The O’s are apparently undeterred by those splits and have added Irvin to their starting mix, where he and Gibson should take two of the spots. The rest of the rotation will be less certain, with options like Kyle Bradish, Dean Kremer, Tyler Wells, Bruce Zimmerman, Mike Bauman and Spenser Watkins on the 40-man. Each of those guys have a bit of MLB experience but inconsistent results have prevented them from truly establishing themselves as big leaguers. There’s also Grayson Rodriguezwho is considered one of the best pitching prospects in the sport but he’s yet to make his MLB debut and missed most of last year due to a lat strain. John Means could be a factor down the line but likely not until midseason due to undergoing Tommy John surgery in April of last year. It’s a group with a lot of unknowns but the club will hope to get some reliability out of Irvin and Gibson while they sort through the rest and see who separates themselves from the pack. In addition to Irvin, the O’s will add Virbitsky to their system. The 24-year-old was a 17th round draft pick in 2021. He posted a 4.63 ERA last year between Class-A and High-A, striking out 25.7% of batters faced while walking 5.5%. He’ll add some starting depth to the lower levels of their system.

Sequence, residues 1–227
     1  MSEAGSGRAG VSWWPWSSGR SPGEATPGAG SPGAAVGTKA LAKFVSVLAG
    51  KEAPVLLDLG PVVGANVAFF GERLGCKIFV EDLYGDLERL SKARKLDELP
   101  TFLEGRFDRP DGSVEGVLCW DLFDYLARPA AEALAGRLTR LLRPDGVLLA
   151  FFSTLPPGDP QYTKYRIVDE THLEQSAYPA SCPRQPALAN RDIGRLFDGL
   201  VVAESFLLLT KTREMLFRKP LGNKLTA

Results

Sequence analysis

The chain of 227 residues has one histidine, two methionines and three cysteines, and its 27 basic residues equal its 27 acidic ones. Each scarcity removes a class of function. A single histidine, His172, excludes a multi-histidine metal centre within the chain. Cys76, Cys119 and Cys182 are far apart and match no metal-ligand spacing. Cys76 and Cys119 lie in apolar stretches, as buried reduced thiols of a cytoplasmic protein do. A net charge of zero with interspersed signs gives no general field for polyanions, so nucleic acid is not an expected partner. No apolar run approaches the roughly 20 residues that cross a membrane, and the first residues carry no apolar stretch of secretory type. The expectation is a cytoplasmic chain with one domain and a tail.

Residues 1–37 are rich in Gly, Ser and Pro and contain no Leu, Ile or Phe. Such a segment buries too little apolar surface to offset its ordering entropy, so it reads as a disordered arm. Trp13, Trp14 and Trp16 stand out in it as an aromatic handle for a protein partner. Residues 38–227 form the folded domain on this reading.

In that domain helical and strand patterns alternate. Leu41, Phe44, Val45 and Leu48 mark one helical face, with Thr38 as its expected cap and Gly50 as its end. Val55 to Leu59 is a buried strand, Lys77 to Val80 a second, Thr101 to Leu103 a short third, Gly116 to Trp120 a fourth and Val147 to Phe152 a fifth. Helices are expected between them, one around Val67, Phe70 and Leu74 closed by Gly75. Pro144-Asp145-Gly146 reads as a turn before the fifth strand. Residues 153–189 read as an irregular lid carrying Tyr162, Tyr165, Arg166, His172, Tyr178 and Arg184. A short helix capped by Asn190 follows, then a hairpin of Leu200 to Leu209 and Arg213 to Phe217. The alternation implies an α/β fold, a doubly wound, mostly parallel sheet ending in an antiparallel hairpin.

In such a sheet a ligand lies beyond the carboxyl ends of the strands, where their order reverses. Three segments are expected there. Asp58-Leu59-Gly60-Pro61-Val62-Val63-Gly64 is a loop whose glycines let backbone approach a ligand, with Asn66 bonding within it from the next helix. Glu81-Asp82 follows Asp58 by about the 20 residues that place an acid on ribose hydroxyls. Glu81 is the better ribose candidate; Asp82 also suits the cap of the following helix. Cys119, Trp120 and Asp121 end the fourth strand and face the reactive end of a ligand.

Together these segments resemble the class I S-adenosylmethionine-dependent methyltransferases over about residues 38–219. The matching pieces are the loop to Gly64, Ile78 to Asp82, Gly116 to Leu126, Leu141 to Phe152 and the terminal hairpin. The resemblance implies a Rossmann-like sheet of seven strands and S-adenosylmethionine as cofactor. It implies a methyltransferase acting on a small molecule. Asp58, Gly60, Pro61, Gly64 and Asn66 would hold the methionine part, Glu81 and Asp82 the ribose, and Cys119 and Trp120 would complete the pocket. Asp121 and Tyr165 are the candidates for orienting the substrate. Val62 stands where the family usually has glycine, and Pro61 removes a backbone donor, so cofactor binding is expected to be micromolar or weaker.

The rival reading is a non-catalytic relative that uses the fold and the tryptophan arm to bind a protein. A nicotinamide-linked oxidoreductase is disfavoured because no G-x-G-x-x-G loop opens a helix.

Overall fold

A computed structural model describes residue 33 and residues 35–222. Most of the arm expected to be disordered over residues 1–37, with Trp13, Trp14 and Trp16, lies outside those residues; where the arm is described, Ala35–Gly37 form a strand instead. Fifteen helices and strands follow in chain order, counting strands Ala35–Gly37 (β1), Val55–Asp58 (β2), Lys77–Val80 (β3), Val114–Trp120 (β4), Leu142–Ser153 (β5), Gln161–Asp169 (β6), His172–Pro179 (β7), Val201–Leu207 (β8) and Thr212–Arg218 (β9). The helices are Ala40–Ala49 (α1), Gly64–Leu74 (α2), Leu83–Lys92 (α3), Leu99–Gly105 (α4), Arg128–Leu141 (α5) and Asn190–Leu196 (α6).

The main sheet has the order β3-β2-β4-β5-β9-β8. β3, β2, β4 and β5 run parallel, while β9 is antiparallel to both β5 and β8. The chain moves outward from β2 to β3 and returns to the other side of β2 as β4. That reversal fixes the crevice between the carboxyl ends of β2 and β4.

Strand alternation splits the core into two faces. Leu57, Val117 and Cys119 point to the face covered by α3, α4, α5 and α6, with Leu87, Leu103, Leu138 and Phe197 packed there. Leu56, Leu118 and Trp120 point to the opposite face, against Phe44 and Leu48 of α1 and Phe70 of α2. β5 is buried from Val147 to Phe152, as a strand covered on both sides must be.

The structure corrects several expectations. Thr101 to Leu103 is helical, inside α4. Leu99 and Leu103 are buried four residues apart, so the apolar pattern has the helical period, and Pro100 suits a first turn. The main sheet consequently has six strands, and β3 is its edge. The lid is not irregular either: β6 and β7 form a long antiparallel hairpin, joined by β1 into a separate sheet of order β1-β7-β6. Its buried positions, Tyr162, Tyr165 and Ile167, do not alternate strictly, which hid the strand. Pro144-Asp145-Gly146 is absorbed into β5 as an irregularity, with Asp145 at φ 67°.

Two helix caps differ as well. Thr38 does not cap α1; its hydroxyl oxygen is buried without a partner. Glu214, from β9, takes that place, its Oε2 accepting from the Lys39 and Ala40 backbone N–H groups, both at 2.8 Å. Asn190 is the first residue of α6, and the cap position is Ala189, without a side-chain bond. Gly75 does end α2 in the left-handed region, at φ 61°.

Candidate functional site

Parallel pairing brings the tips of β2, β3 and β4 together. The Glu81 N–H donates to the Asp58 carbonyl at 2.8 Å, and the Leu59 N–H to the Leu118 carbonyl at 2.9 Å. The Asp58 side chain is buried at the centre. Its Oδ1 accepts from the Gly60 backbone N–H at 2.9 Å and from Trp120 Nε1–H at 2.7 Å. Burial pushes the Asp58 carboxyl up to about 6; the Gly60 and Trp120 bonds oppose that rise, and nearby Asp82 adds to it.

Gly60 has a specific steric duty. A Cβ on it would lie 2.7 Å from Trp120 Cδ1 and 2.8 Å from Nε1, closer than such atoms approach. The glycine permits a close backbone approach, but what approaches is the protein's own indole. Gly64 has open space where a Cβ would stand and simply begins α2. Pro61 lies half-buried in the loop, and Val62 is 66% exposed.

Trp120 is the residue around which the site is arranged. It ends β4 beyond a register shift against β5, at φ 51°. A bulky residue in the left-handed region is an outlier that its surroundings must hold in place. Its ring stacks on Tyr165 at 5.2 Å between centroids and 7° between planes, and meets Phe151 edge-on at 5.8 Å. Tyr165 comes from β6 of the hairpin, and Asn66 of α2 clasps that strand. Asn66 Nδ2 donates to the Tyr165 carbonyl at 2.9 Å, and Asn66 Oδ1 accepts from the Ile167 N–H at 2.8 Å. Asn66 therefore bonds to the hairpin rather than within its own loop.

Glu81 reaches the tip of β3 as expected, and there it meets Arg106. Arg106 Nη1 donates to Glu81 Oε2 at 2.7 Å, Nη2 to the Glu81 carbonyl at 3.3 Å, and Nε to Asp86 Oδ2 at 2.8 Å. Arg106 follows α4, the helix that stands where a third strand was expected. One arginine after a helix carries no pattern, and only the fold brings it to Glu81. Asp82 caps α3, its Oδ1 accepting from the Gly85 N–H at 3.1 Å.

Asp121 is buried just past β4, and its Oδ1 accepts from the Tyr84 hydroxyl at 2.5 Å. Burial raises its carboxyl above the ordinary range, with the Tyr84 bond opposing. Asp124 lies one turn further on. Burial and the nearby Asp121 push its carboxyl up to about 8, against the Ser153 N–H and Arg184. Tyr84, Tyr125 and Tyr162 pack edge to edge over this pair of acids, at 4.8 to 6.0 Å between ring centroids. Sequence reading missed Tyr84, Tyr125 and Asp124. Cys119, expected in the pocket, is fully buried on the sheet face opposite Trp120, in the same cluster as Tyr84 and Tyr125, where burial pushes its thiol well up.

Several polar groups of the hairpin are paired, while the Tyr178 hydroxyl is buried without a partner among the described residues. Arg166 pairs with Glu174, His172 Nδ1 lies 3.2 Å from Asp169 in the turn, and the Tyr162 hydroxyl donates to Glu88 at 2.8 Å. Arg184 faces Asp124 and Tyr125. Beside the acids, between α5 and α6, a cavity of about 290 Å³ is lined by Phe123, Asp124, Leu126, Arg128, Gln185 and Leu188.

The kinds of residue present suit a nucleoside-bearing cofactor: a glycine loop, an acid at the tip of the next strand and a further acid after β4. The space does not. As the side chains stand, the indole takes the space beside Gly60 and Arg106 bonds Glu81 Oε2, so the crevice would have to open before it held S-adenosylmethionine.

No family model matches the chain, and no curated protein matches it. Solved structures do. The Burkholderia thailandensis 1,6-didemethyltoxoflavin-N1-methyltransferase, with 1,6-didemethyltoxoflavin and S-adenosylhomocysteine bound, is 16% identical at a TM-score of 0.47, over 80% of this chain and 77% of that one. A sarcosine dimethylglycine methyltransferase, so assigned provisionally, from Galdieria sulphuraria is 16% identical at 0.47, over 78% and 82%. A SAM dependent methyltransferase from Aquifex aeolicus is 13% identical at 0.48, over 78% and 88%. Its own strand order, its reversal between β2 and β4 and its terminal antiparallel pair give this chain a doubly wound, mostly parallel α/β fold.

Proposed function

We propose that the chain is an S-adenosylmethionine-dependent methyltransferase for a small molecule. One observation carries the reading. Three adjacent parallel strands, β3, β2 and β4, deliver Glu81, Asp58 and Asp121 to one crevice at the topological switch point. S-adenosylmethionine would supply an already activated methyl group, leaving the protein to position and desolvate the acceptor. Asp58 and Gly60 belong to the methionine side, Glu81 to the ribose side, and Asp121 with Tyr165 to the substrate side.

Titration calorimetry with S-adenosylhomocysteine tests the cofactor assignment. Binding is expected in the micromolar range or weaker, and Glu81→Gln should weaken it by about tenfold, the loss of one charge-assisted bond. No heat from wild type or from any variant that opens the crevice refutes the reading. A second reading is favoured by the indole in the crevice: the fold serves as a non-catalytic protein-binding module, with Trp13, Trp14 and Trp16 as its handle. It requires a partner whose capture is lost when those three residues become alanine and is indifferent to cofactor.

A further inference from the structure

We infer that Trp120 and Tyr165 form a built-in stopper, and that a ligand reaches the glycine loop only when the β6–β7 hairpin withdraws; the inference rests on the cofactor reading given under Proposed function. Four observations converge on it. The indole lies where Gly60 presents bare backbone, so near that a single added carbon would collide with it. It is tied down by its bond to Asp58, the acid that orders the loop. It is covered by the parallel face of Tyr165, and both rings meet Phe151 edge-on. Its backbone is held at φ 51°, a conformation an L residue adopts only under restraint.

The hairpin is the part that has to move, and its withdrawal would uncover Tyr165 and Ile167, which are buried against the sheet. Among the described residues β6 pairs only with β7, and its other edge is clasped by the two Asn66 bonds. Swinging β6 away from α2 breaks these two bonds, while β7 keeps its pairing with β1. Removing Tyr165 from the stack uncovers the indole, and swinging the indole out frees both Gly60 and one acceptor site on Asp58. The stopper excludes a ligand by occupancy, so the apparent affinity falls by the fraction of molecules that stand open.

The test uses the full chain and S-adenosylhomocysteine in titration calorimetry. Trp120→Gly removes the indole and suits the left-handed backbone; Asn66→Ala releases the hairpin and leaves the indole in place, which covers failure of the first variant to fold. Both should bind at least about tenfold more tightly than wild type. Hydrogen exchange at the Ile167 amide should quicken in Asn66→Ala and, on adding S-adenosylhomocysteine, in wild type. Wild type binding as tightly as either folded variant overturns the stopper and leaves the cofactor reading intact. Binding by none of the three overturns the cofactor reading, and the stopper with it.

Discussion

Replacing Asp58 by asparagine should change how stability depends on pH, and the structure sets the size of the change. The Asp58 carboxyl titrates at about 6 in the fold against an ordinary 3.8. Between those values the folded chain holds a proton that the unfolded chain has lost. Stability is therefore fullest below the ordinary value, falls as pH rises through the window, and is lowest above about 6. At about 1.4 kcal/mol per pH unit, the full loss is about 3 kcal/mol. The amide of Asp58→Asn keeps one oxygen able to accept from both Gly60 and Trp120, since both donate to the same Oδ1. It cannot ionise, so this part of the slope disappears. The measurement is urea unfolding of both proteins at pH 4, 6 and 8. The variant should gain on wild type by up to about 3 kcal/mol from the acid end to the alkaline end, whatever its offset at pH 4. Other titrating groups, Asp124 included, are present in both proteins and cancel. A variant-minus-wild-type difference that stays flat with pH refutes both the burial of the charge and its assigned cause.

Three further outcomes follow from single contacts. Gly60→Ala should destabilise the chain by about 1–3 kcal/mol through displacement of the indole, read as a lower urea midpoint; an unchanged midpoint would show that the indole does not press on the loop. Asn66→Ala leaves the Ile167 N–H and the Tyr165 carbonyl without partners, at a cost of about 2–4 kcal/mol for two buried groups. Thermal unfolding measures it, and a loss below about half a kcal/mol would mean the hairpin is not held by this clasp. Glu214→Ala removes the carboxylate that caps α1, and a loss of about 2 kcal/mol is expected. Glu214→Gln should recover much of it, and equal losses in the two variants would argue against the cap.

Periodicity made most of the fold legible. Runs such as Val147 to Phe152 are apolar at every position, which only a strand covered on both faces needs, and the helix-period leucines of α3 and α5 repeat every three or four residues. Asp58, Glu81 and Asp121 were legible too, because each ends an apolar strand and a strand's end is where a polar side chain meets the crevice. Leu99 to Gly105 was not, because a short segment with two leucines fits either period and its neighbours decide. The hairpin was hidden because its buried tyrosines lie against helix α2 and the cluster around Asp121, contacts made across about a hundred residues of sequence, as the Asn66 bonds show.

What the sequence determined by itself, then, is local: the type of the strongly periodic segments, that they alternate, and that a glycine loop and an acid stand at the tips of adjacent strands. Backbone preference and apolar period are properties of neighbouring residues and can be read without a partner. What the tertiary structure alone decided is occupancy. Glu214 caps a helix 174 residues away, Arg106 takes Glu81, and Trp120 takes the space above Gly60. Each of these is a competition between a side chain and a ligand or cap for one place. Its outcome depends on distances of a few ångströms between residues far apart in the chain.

By letting go of Irvin and Virbitsky, the A’s are adding an intriguing young player in Hernaiz. The 21-year-old was a fifth-round selection of the O’s in 2019. Baseball America ranked him the #25 Orioles prospect going into 2020, highlighting his athleticism but noting that the lack of power could be an issue for him. That seems to have played out in his minor league time so far. After the minors were canceled in 2020, Hernaiz spent 2021 in Class-A, hitting six home runs in 94 games. He did steal 22 bases but his .277/.333/.358 batting line was a bit below average, with his wRC+ coming in at 92. In 2022, he shot up three levels, going from Class-A to High-A and Double-A. He got into 105 games between those three levels and stole 32 bases with 12 home runs. His combined batting line of .273/.341/.438 resulted in a 112 wRC+. He’s split his time between second base, third base and shortstop and will slot into Oakland’s infield prospect mix. He struggled in his first 13 Double-A games and will likely head back to that level to start this season. He’ll be Rule 5 eligible at the end of the upcoming season.

The O’s have plenty of infield prospects, with the likes of Gunnar Henderson, Coby Mayo, Joey Ortiz, Jackson Holliday, Jordan Westburg and Connor Norby some of the exciting youngsters in the system. It seems they felt they could part with Hernaiz and still be in good shape there, whereas the A’s have continued to bolster their farm by subtracting from their major league club. Without Irvin, their rotation will consist of offseason signs Shintaro Fujinami and Drew Rucinskiincumbents Paul Blackburn and James Kaprielianas well as a huge pile of unestablished options who will be jockeying for playing time as the season rolls along.

More to come.